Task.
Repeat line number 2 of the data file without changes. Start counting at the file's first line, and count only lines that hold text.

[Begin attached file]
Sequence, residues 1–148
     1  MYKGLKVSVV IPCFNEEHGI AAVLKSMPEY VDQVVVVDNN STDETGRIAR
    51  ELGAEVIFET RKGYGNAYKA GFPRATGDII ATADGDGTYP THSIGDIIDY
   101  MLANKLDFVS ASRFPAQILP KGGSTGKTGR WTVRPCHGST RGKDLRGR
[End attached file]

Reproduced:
     1  MYKGLKVSVV IPCFNEEHGI AAVLKSMPEY VDQVVVVDNN STDETGRIAR